This notion of de-programing mainstream reality, of entering a special place, plane, or collective system or agonistic relation to the tonal has been at the heart of a whole history of magical practices from the ancient Shamans, to the Oracles and Dionsyian festivals or Mysteries of Greece and other ancient pagan systems, to the Voodoan soul-riders of certain African systems, to the multifarious mystical orders from Sufi, Gnostic, Apophatic, and other systems within the monotheistic world system down to our own time of syncretism. Nothing new here, only that certain respectable and academic scholars such as Deleuze and others have opened their discourse to these ancient systems, allowed them to be brought back into the light of scholarly and experimental modes of becoming as ways of preparing us to de-program the reality matrix of our current malaise.
H. P. Lovecraft’s fictional grimoire, the Necronomicon, is one such work that in itself was a mere fantasy – the commercial production of a work of pulp horror that would in time take on a life of its own, enter the popular mythos of thousands of fans and writers alike, become even in our late era the dark progenitor of philosophical divagations and speculative reflection. As Kenneth Grant a follower of the dark arts of Aleister Crowley and Austin Osman Spare, and an admirer of Lovecraft’s mythos would say,
Have you ever considered, dear Reader, that every time you awaken from the dreams of night or of the day, the forces set in motion by the characters and events that occurred therein do not cease abruptly with your change of consciousness to daytime or to nighttime. No, indeed, those creatures of your dream world, set in motion by impulses you no longer own, contrive to expend their energies until their impetus subsides, or until, dear Reader, you sleep again and take up a further chapter in the destiny of your creations which are—all of them—only and entirely yourself.2
But as we’ve seen we are not the makers of our own thoughts, much less the fictions that come by way of dream or thought – we are as another fiction of Shakespeare’s The Tempest affirms: “We are such stuff as dreams are made on, and our little life is rounded with a sleep.” As we have seen above those ancient powers that were once worshipped as objective fact were over the eons internalized to the point that they have become the very powers of our own inner sense, the life of our unknown being; the forces who think us and invent the very fictions we are and live. The puppetry of ancient powers we assume our lives are real, that we have a self and personality. This too is a lie, a sweet fiction.
Robert E. Howard one of the prominent members of the Lovecraft Circle, author of several stories in the Lovecraft Cthulhu mythos cycle in a letter to Clark Ashton Smith would relate an interesting notion:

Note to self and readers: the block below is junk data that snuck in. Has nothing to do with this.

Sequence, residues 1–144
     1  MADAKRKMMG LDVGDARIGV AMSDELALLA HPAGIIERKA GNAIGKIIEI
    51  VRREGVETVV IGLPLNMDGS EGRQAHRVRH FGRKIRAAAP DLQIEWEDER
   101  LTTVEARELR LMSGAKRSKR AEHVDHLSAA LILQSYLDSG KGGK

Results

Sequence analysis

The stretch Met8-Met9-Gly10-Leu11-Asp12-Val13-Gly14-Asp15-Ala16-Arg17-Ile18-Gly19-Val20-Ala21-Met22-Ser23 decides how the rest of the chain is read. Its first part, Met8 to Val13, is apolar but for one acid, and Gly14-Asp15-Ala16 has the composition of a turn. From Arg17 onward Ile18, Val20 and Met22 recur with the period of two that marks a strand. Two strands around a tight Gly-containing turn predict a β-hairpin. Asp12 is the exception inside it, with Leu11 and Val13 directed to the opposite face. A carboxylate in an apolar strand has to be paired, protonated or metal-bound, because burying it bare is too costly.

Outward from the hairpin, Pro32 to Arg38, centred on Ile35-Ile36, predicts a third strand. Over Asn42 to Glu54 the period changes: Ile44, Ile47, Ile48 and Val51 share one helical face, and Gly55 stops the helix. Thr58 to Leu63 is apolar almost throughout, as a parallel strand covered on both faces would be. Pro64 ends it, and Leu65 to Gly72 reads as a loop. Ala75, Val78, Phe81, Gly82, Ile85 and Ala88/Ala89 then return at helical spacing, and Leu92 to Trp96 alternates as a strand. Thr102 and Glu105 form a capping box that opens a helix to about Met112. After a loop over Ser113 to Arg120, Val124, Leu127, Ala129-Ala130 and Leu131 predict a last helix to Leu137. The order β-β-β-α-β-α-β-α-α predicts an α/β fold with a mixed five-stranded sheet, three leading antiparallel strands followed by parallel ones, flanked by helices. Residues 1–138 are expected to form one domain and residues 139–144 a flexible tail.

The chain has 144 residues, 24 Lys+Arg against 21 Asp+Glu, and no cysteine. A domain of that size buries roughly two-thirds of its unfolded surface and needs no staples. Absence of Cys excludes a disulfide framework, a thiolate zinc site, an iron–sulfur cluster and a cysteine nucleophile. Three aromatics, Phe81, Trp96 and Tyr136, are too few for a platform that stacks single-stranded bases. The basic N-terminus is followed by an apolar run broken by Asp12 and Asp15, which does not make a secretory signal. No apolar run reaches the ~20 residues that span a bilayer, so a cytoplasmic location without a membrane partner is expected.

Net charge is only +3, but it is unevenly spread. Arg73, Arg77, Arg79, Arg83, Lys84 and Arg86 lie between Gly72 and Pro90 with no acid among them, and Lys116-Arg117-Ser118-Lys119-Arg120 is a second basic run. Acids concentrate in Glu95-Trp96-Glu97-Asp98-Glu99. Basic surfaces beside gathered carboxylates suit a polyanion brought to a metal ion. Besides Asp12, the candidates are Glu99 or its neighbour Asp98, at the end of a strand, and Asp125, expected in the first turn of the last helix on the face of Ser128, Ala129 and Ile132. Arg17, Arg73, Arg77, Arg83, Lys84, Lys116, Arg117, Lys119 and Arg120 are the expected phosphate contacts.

While I do not go so far as to believe that stories are inspired by actually existent spirits or powers (though I am rather opposed to flatly deny anything), I have sometimes wondered if it were possible that unrecognized forces from the past or present—or even the future—work through the thoughts and actions of living men. This occurred to me when I was writing the first stories of the Conan series especially. I know that for months I had been unable to work up anything sellable. Then the man Conan seemed suddenly to grow up in my mind without much labor on my part and immediately a stream of stories flowed off my pen—or rather, my typewriter—almost without effort on my part. I did not seem to be creating, but rather relating events that had occurred. Episode crowded episode so fast that I could scarcely keep up with them. For weeks I did nothing but write of the adventures of Conan. The character took complete possession of my mind and crowded out everything else in the way of story-telling.3
This breakdown between fiction and reality, the self-possession of a mind by the inner thrust of certain entities and powers that make themselves real through the power of thought, invention, and creative endeavors; fictional entities that can take on a life of their own, manifest themselves in the real world, and become a force for good or ill is at the heart of what certain speculative thinkers term hyperstition. As Mark Stavish suggests in his classic text on the notion of egregores states it,
It is functionally irrelevant, except for academic definition, if an egregore is understood to exist only in the classical sense or if we can consider a thoughtform an egregore. It is also equally irrelevant if thoughtforms as actual psychic entities exist either—as modern media has demonstrated that ideas (or memes) are constructed with the intention of manipulating mass opinion and, thereby, public activities. The effectiveness of memes at becoming “alive” (i.e., “going viral”), even if for a short period of time, has been demonstrated. All mass media, advertising, marketing, the psychology of crowds, and even the often bantered-about idea of “archetypes” are operative expressions of the ideas and actions put forth in ancient and modern occultism regarding “egregores.”4
The late scholar Ioan P. Couliano an expert in Gnosticism and Renaissance magic, published seminal work on the interrelation of the occult, Eros, magic, physics, and history. In his Eros and Magic in the Renaissance he dealt with the underpinnings of political manipulation and hyperstitional systems of ideology and propaganda. He would explore renaissance magic which he showed was a scientifically plausible attempt to manipulate individuals and groups based on a knowledge of motivations, particularly erotic motivations. Its key principle was that everyone (and in a sense everything) could be influenced by appeal to sexual desire. In addition, the magician relied on a profound knowledge of the art of memory to manipulate the imaginations of his subjects. In these respects, Couliano suggested, magic is the precursor of the modern psychological and sociological sciences, and the magician is the distant ancestor of the psychoanalyst and the advertising and publicity agent.5